Locum Tenens Staffing for Community Health Centers: How to Leverage Locum Providers
"The staffing challenges facing community health centers are likely to become more acute" as shortages grow and more facilities find themselves in need of physicians and clinicians — including doctors, dentists, psychiatrists, psychologists, physician assistants (PAs) and nurse practitioners (NPs).
So writes Jeff Waddill, Divisional Vice President of Staff Care, in a recent article for Community Health Forum® Magazine. The official publication of the National Association of Community Health Centers (NACHC), the m magazine is dedicated to reporting news and issues "surrounding health care delivery to the medically underserved and the community-based health care providers whose mission is to serve them" throughout the United States.
As NACHC’s preferred partner for locum tenens staffing, and a long-time supporter of the annual National Health Center Week, Staff Care is uniquely positioned to help the nation's community centers maintain optimal staffing — not just when the need arises for extra help, but all throughout the year.
To this end, Waddill's article discusses the reasons for the increase in locum tenens staffing by America's healthcare providers in recent years, but also the specific needs that have arisen for community health centers, which "serve 25 million patients in more than 9,200 sites across the country," as Waddill notes. And, "according to NACHC data, 95% of health centers have at least one clinical vacancy."
"Current turnover rates for primary care physicians now run at about 13% annually, according to the database company SK&A, and virtually all facilities that employ physicians, such as community health centers, must address the issue of provider turnover," Waddill writes, noting that many health centers "choose to fill openings caused by turnover with locum tenens providers.
"Patient demand for services clearly is rising at many community health centers, which, like other health care facilities, often experience peak usage periods," Waddill adds, noting that Staff Care specializes in providing locum tenens professionals "to address rising patient demand and expand services during peak usage periods" — as well as to address the other, more standard needs for locum staffing, including:
- To fill in while a facility seeks a permanent physician;
- To temporarily replace staff who have unexpectedly left;
- To fulfill the duties of providers who are on vacation, sabbatical, or "are otherwise temporarily absent due to illness, continuing medical education or other reasons;"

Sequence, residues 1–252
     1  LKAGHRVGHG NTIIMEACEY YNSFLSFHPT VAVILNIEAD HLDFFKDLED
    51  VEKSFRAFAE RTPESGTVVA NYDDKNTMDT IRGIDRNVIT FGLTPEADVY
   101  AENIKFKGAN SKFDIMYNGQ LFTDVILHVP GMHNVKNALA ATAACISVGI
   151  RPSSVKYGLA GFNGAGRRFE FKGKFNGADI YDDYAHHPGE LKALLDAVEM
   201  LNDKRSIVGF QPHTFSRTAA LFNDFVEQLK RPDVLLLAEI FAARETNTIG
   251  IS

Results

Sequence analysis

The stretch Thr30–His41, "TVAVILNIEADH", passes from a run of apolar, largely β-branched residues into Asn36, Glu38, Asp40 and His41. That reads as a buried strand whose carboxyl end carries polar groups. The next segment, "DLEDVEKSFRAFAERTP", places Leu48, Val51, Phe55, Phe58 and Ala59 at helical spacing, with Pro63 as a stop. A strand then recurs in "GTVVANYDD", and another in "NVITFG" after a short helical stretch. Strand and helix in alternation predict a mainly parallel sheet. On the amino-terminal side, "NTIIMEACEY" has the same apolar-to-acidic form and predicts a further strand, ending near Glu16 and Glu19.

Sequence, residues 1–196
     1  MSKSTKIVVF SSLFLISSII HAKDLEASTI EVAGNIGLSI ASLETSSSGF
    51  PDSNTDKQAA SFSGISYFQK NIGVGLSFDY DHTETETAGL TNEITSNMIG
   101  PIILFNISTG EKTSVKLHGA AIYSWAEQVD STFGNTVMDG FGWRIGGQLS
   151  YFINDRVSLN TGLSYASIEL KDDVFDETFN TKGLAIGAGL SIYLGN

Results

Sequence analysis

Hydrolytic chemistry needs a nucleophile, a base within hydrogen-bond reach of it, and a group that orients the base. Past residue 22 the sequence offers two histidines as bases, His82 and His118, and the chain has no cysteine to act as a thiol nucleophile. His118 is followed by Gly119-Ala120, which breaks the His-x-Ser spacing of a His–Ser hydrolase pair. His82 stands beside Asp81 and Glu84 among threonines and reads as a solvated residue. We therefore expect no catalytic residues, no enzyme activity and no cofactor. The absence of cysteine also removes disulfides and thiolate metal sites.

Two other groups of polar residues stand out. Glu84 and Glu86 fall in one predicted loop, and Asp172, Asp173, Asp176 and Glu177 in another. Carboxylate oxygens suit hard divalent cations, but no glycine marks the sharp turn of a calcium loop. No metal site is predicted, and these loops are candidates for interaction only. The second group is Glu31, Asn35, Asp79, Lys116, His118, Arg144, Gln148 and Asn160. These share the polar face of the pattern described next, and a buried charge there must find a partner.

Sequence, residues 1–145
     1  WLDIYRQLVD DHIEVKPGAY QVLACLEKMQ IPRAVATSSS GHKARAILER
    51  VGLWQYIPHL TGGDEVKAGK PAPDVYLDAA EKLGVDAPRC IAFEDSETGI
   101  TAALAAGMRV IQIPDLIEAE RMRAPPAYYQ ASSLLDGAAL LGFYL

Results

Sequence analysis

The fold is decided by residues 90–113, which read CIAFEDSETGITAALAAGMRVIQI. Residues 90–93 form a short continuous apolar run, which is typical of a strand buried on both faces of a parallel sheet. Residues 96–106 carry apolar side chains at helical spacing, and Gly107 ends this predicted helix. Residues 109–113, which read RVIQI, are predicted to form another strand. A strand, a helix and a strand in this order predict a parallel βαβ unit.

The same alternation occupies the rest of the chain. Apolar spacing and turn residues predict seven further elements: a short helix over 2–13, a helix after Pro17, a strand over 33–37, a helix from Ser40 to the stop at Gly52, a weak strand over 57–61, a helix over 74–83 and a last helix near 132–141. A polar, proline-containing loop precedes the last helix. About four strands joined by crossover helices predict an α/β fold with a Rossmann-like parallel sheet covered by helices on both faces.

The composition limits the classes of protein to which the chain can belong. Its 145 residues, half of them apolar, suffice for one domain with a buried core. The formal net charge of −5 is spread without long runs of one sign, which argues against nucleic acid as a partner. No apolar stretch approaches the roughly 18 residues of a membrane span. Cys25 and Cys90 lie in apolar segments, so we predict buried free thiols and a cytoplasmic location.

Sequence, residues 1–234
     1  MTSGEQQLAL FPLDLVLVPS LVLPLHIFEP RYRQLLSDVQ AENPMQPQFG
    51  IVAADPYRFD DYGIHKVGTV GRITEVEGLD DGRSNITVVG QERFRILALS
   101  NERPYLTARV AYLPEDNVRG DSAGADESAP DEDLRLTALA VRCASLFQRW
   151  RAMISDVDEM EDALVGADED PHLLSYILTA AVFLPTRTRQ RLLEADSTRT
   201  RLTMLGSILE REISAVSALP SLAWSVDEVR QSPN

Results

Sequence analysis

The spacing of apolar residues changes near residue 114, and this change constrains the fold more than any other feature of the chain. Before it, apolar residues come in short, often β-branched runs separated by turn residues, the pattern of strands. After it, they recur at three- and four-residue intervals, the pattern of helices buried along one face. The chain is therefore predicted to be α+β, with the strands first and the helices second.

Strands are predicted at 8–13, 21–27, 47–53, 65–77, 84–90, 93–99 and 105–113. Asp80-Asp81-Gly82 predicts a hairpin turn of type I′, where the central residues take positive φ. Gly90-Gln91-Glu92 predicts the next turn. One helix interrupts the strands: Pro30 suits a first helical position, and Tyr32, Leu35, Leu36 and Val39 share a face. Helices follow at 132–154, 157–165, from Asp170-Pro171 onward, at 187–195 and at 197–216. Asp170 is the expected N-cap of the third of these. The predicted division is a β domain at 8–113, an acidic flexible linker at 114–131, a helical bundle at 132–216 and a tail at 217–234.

- To meet rising patient demand; and/or
- To help meet an increased need for care during peak usage times.
Locum Staffing Considerations For Community Health Centers
Waddill then goes on to provide a rundown of important considerations that community health centers should keep front of mind when staffing locum tenens professionals:
- Use Locum Staffing Strategically. Locum doctors and clinicians "should be part of a larger strategic staffing plan in which patient demand for services and the health center’s staffing needs are projected in advance," Waddill writes. Locum tenens staffing "should be a supplement to permanent staff, not a substitute for permanent personnel," he adds, noting that the use of locums clinicians should be proactive and arranged in advance of need, "instead of reacting to staff openings as they arise."
- Reconsider the Concept of “Fully Staffed.” Striving for a “full staff” is standard practice among today's healthcare organizations — but should it be? "Since utilization levels vary throughout the year, it can be more cost-effective to stay flexible, up-staffing and down-staffing as appropriate," Waddill writes. Locum tenens providers can be used to "build flexibility into community health center staffing targets."
- Better Understand the Costs/Benefits. Like permanent staff, locum tenens providers can represent costs to community health centers. "However," Waddill writes, "by determining revenues likely to be lost due to understaffing, health centers can create an objective measure of the financial benefits locum tenens providers can generate." Here's where locum tenens billing comes into play: For instance, Staff Care is equipped to help community health centers set up a specific billing process for locum tenens providers.
- Temp-to-Perm is Not a Long-Term Strategy. While it's true that locum providers sometimes accept permanent positions, they, for the most part, choose to work on a locum tenens basis because that's the lifestyle they prefer, and they aren't actually seeking permanent employment. It's important, then, for community health centers to not operate under the expectation that their locum providers will become temp-to-perm; instead, they should "engage in the formal process of a permanent physician search, complementing permanent search efforts with the appropriate use of locum tenens providers" — another aspect of a fully fleshed-out staffing strategy with which Staff Care can provide key guidance.
- "One Size Does Not Fit All." "Locum tenens staffing may not require the highly detailed and often lengthy candidate matching process typical of a permanent search, but it is important to ensure as much as possible that locum tenens providers have the appropriate backgrounds and skill sets," Waddill notes, emphasizing the importance of working with a locum agency with both the decades of healthcare industry expertise and specific experience of working with the nation's community health centers.
- Working with staffing agencies, community health centers can help ensure that locum tenens providers have more than just a license in their state but also have the right backgrounds and skills to treat health center patients," he adds.